By Lorin L. Clemenz
When dealing with those involved in gambling, logic is set aside.
Why is it that enough is never enough? The owners of the riverboat casinos always want to expand so more people can gamble. State legislators want to find more ways of increasing gambling revenues. State Senator Robert Meeks of LaGrange wants the State of Indiana to allow a license granted to a Gary location to be transferred to a northeastern county such as Steubin. There it will draw people from Michigan and Ohio as well as Hoosiers from the Fort Wayne area. This action continues the expansion of legalized gambling in Indiana.
Why is it that so many believe that the finances used for gambling come from deep pockets? Most of us realize we have a certain amount of disposable income. If I choose to spend it for an item not in the budget, then I also must decide from where the money must come. If I gamble and loose a large amount of money, then I might have to put off buying a car or other major purchases. It is a choice that is mine to make. Hoosiers' spending habits have a direct affect on businesses that in turn, if their income drops, will pay fewer taxes to the state. That downturn tightens the finances for state government and what it can or cannot do to serve the public.
Why is it that the laws of truth in advertising do not apply to gambling? Stores that sell lottery tickets often will advertise that last week patrons at the store won $5,406 but do not tell the total amount of tickets sold. I would like to know that amount, too. A professor and some Texas student volunteers compared lottery tickets from the forty-four states that sell them for the information given on the tickets. Indiana ranked fortieth out of the forty-three in giving misleading information on the tickets.
Why is it that the actual social costs of gambling put forth by the State are seldom comparable with figures that academic circles put forth? Many scholars studying the effects of gambling on society say it costs three-to-four dollars in expenses for each dollar the state might derive from gambling resources. When will the State of Indiana implement a study to find the actual social costs of legalized gambling supported by the State? Yes, such a study will cost a significant amount of money and will take time to complete. But the actual figure would be helpful in deciding if gambling resources are worth it or an undue burden upon society.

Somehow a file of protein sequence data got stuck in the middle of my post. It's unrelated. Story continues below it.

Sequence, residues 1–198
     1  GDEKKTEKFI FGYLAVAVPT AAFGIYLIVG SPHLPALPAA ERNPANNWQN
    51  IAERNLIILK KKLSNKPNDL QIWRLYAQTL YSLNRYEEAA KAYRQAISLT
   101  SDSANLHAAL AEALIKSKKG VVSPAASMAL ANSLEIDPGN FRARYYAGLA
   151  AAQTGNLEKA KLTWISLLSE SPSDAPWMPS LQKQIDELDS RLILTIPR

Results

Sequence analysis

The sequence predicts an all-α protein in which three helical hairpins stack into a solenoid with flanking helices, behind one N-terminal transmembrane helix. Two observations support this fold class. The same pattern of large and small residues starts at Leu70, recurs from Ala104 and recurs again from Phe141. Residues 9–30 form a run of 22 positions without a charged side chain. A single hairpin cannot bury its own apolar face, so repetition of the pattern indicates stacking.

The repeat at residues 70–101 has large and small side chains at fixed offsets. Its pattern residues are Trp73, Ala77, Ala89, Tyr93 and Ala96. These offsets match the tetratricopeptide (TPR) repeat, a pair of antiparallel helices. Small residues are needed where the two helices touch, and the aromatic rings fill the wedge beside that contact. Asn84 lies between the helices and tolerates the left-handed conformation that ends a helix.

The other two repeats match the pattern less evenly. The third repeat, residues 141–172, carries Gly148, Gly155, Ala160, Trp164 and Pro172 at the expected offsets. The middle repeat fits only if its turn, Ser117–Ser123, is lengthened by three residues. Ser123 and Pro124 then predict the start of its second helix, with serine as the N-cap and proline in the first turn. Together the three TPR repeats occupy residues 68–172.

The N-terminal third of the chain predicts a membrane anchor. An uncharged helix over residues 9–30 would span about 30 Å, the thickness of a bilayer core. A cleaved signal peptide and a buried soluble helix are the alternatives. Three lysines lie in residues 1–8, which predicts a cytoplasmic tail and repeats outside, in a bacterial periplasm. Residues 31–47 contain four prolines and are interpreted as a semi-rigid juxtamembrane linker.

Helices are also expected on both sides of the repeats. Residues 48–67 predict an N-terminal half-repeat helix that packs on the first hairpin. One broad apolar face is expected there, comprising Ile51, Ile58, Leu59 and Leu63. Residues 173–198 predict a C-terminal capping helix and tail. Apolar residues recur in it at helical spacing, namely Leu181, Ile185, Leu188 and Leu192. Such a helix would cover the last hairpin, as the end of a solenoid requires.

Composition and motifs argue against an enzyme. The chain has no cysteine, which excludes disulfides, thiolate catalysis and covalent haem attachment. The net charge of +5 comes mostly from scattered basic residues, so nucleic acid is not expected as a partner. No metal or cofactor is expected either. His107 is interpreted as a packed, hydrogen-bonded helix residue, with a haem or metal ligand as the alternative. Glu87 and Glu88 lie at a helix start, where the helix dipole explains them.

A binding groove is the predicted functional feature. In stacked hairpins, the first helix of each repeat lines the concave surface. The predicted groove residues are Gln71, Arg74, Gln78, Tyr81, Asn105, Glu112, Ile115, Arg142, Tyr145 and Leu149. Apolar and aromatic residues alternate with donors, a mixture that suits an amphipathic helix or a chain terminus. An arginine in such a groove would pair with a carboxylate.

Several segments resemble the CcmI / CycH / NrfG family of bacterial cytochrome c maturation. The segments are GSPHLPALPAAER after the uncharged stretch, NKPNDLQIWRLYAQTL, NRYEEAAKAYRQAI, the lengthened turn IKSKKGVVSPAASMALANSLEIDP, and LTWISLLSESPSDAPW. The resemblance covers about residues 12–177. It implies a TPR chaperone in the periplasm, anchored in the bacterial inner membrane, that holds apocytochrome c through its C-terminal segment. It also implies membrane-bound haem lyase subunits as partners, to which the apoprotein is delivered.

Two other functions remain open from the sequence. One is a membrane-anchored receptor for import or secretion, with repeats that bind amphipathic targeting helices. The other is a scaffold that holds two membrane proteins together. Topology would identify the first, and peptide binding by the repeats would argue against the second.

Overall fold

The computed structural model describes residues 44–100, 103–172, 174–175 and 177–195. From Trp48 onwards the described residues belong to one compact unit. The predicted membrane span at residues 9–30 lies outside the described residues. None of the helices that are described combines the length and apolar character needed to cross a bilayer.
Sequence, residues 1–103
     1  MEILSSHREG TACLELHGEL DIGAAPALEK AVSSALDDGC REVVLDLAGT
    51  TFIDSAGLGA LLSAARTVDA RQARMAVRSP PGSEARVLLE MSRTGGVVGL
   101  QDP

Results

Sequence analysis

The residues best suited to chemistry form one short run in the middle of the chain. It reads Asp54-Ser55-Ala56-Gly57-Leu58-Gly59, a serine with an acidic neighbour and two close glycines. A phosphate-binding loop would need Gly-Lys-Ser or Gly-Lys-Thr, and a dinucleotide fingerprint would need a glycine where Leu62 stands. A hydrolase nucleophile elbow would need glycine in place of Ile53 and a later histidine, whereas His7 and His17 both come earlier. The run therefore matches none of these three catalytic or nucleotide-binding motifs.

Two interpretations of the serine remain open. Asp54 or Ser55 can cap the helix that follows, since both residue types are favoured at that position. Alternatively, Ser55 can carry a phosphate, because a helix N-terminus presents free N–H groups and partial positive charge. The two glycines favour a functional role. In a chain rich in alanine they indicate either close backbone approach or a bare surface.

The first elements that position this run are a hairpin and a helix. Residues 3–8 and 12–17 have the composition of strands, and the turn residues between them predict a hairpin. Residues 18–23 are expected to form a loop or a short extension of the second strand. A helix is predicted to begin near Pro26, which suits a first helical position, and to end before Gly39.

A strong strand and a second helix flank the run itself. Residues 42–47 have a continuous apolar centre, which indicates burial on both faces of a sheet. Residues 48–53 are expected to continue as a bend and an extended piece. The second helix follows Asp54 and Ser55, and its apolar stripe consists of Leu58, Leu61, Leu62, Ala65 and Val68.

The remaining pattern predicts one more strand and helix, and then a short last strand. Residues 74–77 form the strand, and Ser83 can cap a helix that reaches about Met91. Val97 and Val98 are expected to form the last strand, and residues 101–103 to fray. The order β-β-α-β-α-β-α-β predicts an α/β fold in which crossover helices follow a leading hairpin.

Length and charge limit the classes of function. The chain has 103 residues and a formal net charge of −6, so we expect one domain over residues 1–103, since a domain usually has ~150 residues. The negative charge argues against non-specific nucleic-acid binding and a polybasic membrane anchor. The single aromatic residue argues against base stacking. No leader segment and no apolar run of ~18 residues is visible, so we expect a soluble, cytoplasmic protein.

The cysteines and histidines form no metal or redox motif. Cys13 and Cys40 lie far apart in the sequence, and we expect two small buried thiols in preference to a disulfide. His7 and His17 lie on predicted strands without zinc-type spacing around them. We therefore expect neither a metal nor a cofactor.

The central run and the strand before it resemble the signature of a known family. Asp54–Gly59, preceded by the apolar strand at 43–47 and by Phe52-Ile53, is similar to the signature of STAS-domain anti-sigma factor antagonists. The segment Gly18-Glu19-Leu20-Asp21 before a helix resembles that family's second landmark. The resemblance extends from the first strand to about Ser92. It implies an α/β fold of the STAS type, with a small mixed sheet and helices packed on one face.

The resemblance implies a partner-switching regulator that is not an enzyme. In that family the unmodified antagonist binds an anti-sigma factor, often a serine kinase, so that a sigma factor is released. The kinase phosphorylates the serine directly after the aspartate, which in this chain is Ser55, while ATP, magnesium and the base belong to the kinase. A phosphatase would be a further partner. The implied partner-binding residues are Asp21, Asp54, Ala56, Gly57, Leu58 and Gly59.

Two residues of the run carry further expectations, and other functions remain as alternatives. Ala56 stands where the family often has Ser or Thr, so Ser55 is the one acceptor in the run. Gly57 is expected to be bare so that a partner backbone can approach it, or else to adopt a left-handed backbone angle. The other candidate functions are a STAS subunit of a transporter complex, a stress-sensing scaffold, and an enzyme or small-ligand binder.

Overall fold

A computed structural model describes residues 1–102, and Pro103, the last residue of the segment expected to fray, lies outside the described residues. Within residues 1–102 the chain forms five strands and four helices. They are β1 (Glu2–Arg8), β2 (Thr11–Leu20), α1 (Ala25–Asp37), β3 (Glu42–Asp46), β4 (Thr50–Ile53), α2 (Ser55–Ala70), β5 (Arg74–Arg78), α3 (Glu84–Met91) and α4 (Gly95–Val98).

Why is it that the State of Indiana cannot see and admit to its addiction to gambling revenues? Alcoholics or compulsive gamblers must hit the bottom before they will admit they have a problem and cannot solve their addiction. How far must the State of Indiana go before it realizes there is a problem and help is needed?
Enough is enough! It will take a tremendous effort from all of us to overcome Indiana's addiction to gambling. To begin the process, call, e-mail or write your State Representative, State Senator and Governor Mitch Daniels today. Share your views in opposition to the explanation of legalized gambling in Indiana by the General Assembly and ask for a change of direction from acceptance of gambling revenues. Openly request that their decisions have a foundation that will take us, as a State, far into the future, not locked into decades-long commitments to legalized gambling. We can solve our financial problems as a state without the expansion of gambling. Such an expansion will continue to ruin families and continue to be a detriment to society.
Lorin L. Clemenz serves as coordinator of the Indiana Coalition Against Legalized Gambling. He is a retired Elder of the North Indiana Conference.
For your Senator's or Representative's contact information, log on to www.in.gov/legislative/contact/.